Pipeline opponents question amount of Bakken oil in Keystone XL

PIPE: President Obama speaks at a TransCanada pipe yard in Cushing, Okla., in March 2012 about the glut of oil there and expanding domestic oil production. The southern leg of Keystone XL was approved, but the northern leg has been held up for nearly six years.

By Deena Winter | Nebraska Watchdog

LINCOLN, Neb. — The Canadian pipeline company trying to get a permit to build the Keystone XL oil pipeline has said one-quarter of the pipeline would be reserved for oil from the Bakken oil fields of North Dakota and Montana, but in other documents has indicated only 8 percent of the pipeline would be Bakken oil.

On its website and in comments to the U.S. State Department, TransCanada says it has firm, long-term contracts to transport 65,000 barrels of crude oil per day of the maximum 100,000 bpd set aside to pick up Bakken crude oil from what they call the Bakken Marketlink — where Keystone XL would pick up oil in Baker, Mont.

That equates to less than 8 percent of the pipeline’s total initial capacity of 830,000 barrels per day. However, the pipeline project has been sold, in part, on the claim that 25 percent of the oil it carries would be U.S. oil, encouraging domestic oil production and enhancing America’s energy security.

In fact, TransCanada says on its website, “We have dedicated one-quarter of Keystone XL’s capacity to transport light crude oil produced in the U.S. Bakken region of Montana and North Dakota.”

A “fact check” group funded by the oil industry has also advocated for extraction of Canada’s tar sands oil by claiming 25 percent of the oil running through Keystone XL will be “from U.S. sources.”

Canada’s Minister of International Trade Ed Fast has said 25 percent of the oil transported by the pipeline would be Bakken crude produced in the United States. Another Canadian official, Joe Oliver, minister of natural resources, told USA Today 20 to 25 percent of the oil would be from the Bakken formation, improving our nation’s energy security.

But if only 8 percent of the oil will be picked up from the Bakken, where does TransCanada come up with that 25 percent figure that’s been tossed around?

Asked about the discrepancy, TransCanada spokesman Shawn Howard said TransCanada has previously said the Bakken Marketlink will transport up to 100,000 bpd and the Cushing Marketlink — a 485-mile pipeline from a storage hub in Cushing, Okla., to the Gulf Coast — can transport up to 150,000 bpd of crude.

The Cushing oil comes from Texas, Oklahoma and Canada, not the Bakken, according to Howard.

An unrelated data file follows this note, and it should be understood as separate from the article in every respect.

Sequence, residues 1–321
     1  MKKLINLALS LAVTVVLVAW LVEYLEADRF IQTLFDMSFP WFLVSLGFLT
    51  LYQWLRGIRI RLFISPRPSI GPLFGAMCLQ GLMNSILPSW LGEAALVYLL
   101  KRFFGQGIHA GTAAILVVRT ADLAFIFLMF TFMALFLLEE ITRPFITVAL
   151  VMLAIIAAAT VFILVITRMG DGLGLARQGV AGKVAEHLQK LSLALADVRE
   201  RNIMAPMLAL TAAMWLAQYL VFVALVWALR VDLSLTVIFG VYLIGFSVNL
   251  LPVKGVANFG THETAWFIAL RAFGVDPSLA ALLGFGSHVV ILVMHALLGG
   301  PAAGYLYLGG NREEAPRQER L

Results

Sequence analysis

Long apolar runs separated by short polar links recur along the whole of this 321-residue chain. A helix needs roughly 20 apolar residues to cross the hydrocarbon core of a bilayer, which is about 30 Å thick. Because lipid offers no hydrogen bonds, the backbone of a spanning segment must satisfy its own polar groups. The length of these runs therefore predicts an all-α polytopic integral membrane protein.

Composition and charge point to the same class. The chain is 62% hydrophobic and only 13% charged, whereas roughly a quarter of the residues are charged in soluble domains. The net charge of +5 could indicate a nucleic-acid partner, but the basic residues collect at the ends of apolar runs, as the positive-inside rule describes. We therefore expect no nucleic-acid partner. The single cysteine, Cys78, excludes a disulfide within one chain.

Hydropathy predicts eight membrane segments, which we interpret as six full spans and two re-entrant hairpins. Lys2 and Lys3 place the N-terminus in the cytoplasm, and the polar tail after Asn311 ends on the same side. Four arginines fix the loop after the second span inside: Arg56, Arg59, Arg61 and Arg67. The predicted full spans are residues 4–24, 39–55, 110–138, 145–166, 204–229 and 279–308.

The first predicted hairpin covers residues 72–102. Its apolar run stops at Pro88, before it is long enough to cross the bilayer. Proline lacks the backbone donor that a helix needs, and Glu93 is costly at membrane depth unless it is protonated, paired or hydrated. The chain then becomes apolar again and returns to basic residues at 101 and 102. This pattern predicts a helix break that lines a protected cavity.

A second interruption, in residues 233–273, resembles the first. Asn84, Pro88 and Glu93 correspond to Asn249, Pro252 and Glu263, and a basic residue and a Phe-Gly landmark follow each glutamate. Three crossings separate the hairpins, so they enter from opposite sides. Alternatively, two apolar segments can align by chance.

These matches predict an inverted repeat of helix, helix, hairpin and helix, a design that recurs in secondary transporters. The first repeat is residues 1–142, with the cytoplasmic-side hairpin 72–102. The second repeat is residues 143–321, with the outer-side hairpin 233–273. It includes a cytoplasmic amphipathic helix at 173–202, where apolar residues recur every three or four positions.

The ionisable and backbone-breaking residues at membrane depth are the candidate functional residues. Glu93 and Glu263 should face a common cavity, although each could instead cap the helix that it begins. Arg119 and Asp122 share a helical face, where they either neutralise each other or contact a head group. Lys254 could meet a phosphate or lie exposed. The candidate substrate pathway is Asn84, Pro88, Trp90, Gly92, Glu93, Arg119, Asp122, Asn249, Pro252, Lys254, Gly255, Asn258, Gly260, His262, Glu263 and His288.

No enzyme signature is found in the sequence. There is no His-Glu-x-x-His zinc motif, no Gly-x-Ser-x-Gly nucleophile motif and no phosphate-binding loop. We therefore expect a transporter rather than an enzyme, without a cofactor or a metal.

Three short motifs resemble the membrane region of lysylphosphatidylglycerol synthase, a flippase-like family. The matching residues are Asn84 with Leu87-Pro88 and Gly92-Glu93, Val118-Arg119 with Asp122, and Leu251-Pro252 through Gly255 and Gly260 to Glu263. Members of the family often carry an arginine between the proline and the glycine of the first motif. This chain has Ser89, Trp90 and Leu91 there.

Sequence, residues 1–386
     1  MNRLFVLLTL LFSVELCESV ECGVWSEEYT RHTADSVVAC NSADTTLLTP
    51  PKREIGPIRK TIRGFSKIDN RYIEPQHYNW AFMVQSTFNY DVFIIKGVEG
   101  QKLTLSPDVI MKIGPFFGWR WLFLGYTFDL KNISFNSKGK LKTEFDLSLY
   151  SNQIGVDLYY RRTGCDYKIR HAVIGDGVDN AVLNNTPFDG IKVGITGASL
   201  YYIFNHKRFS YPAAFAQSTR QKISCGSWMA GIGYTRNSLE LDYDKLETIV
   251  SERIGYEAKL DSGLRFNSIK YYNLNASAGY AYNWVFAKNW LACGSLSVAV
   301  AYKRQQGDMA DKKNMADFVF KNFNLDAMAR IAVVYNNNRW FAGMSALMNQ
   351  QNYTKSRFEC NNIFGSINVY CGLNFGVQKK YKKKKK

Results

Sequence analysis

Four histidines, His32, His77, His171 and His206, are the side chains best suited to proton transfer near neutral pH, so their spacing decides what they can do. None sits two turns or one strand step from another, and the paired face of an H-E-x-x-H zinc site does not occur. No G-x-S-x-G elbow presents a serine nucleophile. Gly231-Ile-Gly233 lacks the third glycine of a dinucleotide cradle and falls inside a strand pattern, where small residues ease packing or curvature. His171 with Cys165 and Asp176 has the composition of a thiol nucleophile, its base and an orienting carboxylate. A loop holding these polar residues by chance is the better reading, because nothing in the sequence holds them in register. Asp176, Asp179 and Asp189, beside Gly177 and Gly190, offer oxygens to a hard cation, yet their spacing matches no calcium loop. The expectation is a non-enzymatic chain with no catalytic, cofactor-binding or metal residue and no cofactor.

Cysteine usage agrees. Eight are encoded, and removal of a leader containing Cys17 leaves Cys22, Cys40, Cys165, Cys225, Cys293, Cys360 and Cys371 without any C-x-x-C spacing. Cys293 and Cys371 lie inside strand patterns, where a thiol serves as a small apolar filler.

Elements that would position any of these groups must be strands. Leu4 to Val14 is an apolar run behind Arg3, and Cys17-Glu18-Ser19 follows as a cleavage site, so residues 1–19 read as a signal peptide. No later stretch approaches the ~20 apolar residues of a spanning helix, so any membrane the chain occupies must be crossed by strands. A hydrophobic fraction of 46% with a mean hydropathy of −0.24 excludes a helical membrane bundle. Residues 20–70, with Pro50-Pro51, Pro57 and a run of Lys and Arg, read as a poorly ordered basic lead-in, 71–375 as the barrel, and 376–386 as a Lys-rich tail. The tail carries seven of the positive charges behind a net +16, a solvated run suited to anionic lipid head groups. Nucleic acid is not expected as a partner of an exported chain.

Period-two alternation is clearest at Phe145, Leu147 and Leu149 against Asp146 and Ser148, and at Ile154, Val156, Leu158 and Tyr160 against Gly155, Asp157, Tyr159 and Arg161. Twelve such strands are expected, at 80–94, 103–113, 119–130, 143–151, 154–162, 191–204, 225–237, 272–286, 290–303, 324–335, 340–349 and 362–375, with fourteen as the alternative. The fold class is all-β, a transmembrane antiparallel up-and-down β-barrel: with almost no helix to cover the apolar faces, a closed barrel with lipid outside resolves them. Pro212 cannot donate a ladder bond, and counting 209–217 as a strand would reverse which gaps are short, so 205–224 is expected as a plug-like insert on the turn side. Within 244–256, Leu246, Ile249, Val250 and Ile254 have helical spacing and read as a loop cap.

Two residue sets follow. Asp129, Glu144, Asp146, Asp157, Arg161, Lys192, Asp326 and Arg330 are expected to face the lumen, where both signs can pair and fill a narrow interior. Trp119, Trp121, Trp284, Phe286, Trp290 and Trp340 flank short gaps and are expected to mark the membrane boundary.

TransCanada began shipping oil through that pipeline in January. It is the southern leg of the original Keystone XL pipeline, which was allowed to be built because it doesn’t cross an international border. The northern leg, which would be built from Alberta through Montana, South Dakota and Nebraska, has been held up by protests, legal maneuvering and a lawsuit. Much of the resistance centers in Nebraska.

“We have been consistent in saying that Keystone will be able to move up to 250,000 barrels of U.S. crude oil per day, and of course, that depends on what our customers nominate to ship through the line,” Howard said.

However, in 2012 Howard told InsideClimate News that Bakken oil was slated to fill 25 percent of the capacity on the original Keystone XL pipeline route.

Jane Kleeb, executive director of anti-pipeline group Bold Nebraska, is skeptical of TransCanada’s claim that 25 percent of the oil will be from the Bakken oil fields or the United States in general.

“TransCanada changes their story often in order to keep up the appearance that their foreign tar sands pipeline is somehow helping with America’s energy independence,” she said. “The reality is Keystone XL was planned for one reason — to get Canadian tar sands to the export market.”

She calls it “more spin from a desperate company without a viable pipeline.”

Lorne Stockman, research director for Oil Change International, said evidence is thin that 25 percent of the pipeline will be reserved for Bakken oil, as Bakken oil producers are finding that sending their crude to market by rail is working better because they can reach refineries all around the continent, rather than being committed to ship to one destination.

He said he’s seen no evidence TransCanada has contracts with Bakken oil producers.

“They seem to be using it as a talking point to try and convince Americans that the pipeline will move American oil rather than Canadian tar sands oil,” Stockman said.

Late last year, Reuters reported that a major Bakken oil producer that had committed to ship oil on Keystone XL no longer felt the pipeline was needed.

TransCanada first applied for a federal permit for Keystone XL nearly six years ago. As the permitting process has dragged on, producers have found other ways to get their oil to refineries.

Harold Hamm, CEO of Continental Resources, which had signed a contract to ship 35,000 barrels of oil through Keystone XL, told Reuters he was no longer counting on the pipeline and liked the flexibility of shipping oil by rail.

“It may be several years yet, you know, before you find out if it (Keystone XL) is going to be built,” Hamm told Reuters. “It’s no way to run your business.”

TransCanada has declined to comment on Continental.

Contact Deena Winter at deena@nebraskawatchdog.org. Follow Deena on Twitter at @DeenaNEWatchdog

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Rob Port is the editor of SayAnythingBlog.com, a columnist for the Forum News Service, and host of the Plain Talk Podcast which you can subscribe to by clicking here.

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